I was first introduced to the literary masterpiece of the “a Letter from a Birmingham Jail” in college which is strange to think I never read or even heard about it in high school. Maybe my being a poor student had something to do with it. Regardless, if you haven’t read it, you are missing out on an important piece of American history.
This book will not disappoint! From the beginning, the author breaks down the letter, line by line and communicates the thoughts, attitudes and predicaments of the black community as well as their advisories during this difficult time. He explains Dr. King’s intent and direction with every syllable and teaches the reader the crux behind each written word. Though one cannot imagine the struggles the black community endured, this book helps to give insight into a fraction of their struggle for equality as Americans. And Eugene H. Russell IV only adds to this excellent selection with an easy to listen to oration.
This book is well worth the 7 ½ hours it reads.
A Michigan native (Lansing) and having visited Greenfield village several times in my youth, I thought it almost an obligation that I read the Henry Ford story. I'm proud to say I'm a Ford owner and have been since I started driving and so was really looking forward to the history behind the brand. The book did not disappoint! From the first chapter until the Epilogue I found this tale fascinating. Henry Ford did in fact invent the Modern Age, and everything that is automobile.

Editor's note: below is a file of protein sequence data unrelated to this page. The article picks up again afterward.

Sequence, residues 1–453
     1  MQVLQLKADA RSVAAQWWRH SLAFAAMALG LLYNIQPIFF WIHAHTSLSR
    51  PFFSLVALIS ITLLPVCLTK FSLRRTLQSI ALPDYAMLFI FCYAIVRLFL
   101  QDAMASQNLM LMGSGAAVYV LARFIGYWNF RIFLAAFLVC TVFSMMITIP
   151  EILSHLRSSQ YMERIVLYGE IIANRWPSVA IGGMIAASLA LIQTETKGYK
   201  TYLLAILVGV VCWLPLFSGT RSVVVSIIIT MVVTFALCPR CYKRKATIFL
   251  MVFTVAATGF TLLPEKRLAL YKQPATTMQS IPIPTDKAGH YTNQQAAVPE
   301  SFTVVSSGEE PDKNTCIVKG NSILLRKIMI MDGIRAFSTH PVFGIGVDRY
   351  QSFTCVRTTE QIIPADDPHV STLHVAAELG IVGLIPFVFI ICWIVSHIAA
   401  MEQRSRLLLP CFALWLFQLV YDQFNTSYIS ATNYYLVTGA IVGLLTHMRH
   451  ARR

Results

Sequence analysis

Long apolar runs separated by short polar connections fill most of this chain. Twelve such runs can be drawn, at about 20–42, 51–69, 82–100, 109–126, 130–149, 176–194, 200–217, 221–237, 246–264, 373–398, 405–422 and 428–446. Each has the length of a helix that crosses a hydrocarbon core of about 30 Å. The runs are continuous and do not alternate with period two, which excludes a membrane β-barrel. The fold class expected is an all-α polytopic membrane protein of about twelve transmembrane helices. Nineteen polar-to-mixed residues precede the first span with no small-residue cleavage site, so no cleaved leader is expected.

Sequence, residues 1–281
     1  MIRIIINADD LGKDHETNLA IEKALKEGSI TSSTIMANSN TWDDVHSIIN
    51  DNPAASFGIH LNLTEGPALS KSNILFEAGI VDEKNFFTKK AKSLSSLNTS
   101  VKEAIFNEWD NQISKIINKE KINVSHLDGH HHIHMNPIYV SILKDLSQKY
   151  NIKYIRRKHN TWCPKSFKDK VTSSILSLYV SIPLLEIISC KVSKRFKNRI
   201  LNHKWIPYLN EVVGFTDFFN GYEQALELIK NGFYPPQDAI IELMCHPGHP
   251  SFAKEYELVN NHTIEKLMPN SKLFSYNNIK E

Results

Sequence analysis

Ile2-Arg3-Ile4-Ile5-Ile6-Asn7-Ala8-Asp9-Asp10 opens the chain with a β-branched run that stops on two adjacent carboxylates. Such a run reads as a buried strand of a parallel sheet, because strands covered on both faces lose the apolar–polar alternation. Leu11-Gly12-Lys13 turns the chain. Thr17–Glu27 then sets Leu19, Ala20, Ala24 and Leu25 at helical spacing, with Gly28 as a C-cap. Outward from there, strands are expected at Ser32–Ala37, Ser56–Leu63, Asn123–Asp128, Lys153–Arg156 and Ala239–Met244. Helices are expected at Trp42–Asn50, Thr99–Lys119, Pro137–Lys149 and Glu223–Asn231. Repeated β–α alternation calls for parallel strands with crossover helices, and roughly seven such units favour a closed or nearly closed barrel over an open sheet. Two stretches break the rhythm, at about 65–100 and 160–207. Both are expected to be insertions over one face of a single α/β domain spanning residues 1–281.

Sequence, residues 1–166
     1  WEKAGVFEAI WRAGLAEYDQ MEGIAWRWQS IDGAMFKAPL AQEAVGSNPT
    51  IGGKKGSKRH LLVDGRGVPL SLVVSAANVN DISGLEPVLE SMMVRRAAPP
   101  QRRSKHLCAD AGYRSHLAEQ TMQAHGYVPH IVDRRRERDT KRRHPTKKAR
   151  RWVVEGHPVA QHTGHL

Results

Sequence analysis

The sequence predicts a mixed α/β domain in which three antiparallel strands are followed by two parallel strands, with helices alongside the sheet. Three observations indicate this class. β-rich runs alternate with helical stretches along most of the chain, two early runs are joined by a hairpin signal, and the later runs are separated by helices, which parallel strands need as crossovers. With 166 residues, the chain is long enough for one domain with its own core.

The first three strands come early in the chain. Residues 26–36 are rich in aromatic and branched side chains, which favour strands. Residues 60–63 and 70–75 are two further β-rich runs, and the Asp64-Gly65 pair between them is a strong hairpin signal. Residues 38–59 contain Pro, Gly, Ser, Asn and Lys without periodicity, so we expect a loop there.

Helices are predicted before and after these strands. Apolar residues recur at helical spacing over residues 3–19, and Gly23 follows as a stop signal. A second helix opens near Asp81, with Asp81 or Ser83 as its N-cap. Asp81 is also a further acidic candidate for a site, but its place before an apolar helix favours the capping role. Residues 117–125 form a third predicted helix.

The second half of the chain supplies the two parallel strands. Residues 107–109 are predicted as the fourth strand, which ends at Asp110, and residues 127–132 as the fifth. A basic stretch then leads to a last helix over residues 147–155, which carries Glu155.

Henry Ford and his quest for perfection almost derailed his future in automobiles in the early goings similar to how Steve Jobs almost lost Apple. Though Ford never lost his company (far from it, eventually becoming the sole owner), the desire to make his early vehicles better than they were slowed his progress at first but he persevered by producing the most recognizable, reliable, sturdiest brand in the industry.
As brilliant as the man was, he was not without his shortcomings. He despised bankers and lawyers and had a hatred of anything Jewish which the book does a good job in telling the nasty details. Sad to hear from such a pioneer in his era.
I enjoyed the book cover-to-cover though was a little disappointed with the very brief outline of his death (literally the last page of the book). He died with little fanfare though his legacy was decided many years before by the brand he created and the cars and trucks that are on American roads today. An excellent read and well worth your time!
This was a long, long read but I just can’t see how you’d get the whole story about the Rockefeller Empire by reading an abridged version. It was long, but well worth your time.
From the onset, John D Rockefeller was destined to be a financial giant. Choosing not to enlist in the union Army during the civil war he began building his empire in Cleveland with a small Oil refinery. As the demand for oil grew, and following several business savvy maneuvers he slowly built Standard Oil into the world’s largest oil company and he into one of the world’s richest men. Not without a few underhanded tactics which he would ignore, Standard Oil grew to colossal proportion until it was ultimately broken up by the US courts.